Vshred is a fitness brand that offers online programs, supplements, and apparel for people who want to lose weight, build muscle, or improve their health.
But is Vshred a scam or a legitimate company? This article will review the evidence and controversies surrounding Vshred and help you decide if it is worth your time and money.
What is Vshred?
Vshred was founded in 2015 by Vince Sant, a fitness influencer and trainer who claims to have helped millions transform their bodies. Vshred offers various products and services, such as:
- Customised diet and workout plans based on your body type, goals, and preferences
- Online coaching and support from certified trainers and nutritionists
- Supplements that claim to boost your metabolism, energy, and performance
- Apparel and accessories that feature the Vshred logo and slogan
Interestingly, Vshred claims to use science-based methods and cutting-edge technology to create personalised and effective programs for its customers. It also claims to have a 100% money-back guarantee and thousands of positive reviews from satisfied customers.
However, not everyone is impressed by Vshred. The brand has faced several accusations and criticisms from customers, experts, and competitors, who allege that Vshred is a scam, a rip-off, or a fraud.
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What are the controversies surrounding Vshred?
Vshred’s journey has not been smooth so far, and the brand has been involved in several scandals and controversies over the years, such as:
- Data breach: In July 2020, a data breach in Vshread resulted in 606 GB of data being leaked online.
- Plagiarism: In 2019, a YouTube channel called Shredded Science exposed that Vshred had copied several videos from other fitness influencers without giving them credit or permission.
- Misinformation: Many fitness experts and bodybuilders have criticised Vshred for spreading misinformation and pseudoscience about nutrition and exercise.
- For example, Vshred has promoted that four body types (ectomorph, endomorph, mesomorph, and mix) require different diets and workouts. However, this concept has been debunked by scientific research.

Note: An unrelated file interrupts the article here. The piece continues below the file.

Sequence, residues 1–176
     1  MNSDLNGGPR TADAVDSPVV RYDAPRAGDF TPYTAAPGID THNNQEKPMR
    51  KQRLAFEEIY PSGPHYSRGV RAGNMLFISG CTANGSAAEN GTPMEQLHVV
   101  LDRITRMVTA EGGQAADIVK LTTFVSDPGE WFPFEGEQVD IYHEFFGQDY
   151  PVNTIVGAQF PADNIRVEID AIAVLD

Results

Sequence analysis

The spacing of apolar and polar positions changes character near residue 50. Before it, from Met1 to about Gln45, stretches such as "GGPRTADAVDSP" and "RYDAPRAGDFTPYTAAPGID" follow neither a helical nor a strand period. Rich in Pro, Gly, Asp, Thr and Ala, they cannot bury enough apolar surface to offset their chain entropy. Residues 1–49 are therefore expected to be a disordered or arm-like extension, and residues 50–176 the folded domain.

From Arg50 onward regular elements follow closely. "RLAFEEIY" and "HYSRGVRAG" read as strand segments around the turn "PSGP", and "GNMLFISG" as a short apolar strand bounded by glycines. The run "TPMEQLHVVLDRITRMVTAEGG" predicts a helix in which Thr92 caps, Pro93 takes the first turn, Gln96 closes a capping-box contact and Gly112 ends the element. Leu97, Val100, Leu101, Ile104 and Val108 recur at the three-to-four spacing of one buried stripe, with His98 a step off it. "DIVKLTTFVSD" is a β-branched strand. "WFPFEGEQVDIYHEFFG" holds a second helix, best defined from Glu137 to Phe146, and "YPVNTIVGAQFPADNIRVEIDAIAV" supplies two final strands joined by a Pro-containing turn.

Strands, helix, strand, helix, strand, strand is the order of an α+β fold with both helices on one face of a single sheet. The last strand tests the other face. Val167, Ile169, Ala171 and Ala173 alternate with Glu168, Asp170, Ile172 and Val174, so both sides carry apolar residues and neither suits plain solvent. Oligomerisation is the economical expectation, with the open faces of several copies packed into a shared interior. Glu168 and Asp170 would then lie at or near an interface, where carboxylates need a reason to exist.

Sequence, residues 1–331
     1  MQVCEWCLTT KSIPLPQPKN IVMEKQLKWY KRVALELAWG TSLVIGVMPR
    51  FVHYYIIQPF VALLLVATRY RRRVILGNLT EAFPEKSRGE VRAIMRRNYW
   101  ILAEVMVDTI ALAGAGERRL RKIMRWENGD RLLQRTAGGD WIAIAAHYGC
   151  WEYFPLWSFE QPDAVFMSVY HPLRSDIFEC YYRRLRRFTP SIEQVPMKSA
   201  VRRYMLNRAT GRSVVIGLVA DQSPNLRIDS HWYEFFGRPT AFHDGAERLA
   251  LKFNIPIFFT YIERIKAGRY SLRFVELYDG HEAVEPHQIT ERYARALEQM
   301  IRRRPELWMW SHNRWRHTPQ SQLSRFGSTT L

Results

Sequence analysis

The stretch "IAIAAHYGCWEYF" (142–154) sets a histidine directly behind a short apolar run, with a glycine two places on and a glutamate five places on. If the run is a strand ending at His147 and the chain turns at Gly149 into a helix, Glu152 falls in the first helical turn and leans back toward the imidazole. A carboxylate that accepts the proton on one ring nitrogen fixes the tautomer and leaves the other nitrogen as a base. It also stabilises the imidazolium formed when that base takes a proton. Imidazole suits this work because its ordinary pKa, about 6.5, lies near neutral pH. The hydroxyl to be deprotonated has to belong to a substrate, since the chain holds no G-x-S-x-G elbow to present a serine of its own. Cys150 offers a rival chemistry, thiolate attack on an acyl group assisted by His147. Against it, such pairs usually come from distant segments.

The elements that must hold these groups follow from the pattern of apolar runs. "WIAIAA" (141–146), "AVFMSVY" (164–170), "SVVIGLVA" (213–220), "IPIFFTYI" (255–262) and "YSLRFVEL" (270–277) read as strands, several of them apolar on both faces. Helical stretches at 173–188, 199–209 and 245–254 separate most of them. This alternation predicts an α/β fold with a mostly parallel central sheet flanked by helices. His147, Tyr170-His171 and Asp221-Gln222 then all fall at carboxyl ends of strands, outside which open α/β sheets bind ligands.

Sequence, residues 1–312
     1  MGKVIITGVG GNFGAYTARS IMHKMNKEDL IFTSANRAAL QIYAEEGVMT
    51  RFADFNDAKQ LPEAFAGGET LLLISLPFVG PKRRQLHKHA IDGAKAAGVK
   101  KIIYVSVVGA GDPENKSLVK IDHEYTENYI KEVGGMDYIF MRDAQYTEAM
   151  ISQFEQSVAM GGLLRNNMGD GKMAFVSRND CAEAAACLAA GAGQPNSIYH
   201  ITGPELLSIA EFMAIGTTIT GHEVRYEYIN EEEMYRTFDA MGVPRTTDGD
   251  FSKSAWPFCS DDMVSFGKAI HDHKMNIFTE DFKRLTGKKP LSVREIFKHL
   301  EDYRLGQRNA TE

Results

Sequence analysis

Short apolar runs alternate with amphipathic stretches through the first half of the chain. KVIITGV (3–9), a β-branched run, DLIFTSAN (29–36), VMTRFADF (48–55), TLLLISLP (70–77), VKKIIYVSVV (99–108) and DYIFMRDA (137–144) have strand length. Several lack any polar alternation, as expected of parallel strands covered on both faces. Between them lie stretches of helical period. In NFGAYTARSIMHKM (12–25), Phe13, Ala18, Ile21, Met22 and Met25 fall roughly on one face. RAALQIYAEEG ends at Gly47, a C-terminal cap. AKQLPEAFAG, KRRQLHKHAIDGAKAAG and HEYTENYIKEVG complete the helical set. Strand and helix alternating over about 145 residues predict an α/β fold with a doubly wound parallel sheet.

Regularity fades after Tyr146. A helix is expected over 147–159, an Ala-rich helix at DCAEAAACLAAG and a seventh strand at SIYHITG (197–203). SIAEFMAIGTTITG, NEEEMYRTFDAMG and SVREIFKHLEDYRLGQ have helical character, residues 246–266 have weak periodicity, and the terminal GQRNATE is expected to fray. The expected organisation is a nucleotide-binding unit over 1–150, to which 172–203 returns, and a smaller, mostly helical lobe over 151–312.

- Vshred has also made misleading or false claims about its supplements, such as saying they can burn fat without exercise or are FDA-approved.
- Customer service: Many customers have complained about Vshred’s customer service, saying they had difficulty getting refunds, cancelling subscriptions, or contacting support. Some customers also said they received spam emails or phone calls from Vshred after signing up for their programs.
Also read: Does Venmo refund money if you’re scammed?
Is Vshred a scam?
Based on the evidence and controversies above, it is hard to trust Vshred as a reliable and reputable fitness brand. While some customers may have had positive experiences with Vshred’s products and services, many others have reported dissatisfaction, frustration, or even harm.
The brand has a score of 2.1/5 on Trustpilot based on about 6,000 reviews. A legitimate business will definitely try to improve this rating, however, Vshred doesn’t seem to care.
Vshred has a B rating on Better Business Bureau website, which looks fine but could have been better.
This may or may not be a scam, therefore, we recommend that you exercise caution before trusting Vshred or buying anything from them. You should do your own research, compare different options, read reviews from verified sources, and consult certified trainers and doctors before starting any diet or workout program. This goes for all healthcare-related websites.
Also read: Does PayPal refund money if you’re scammed?
Alternatives to Vshred
If you are looking for alternative ways to lose weight or improve your fitness level, you can check out these resources:
- The r/Fitness subreddit on Reddit: A community of over 10 million fitness enthusiasts who share tips, advice, questions, progress pictures, and more.
- Abby Langer Nutrition blog: This is a blog run by Abby Langer, a registered dietitian since 1999.
- Crossfit.Today (on Instagram): If you’re looking for muscle recovery or athlete-focused training, look no further than @crossfit.today on Instagram, run by ASCA-certified strength and conditioning coach Yatharth Singh.
Again, we want to reiterate that do not trust anything on any platform online. Always do your own research before committing your hard-earned money.
In conclusion, Vshred may or may not be a real scam. However, the fitness community certainly do not hold Vshred to a high standard.
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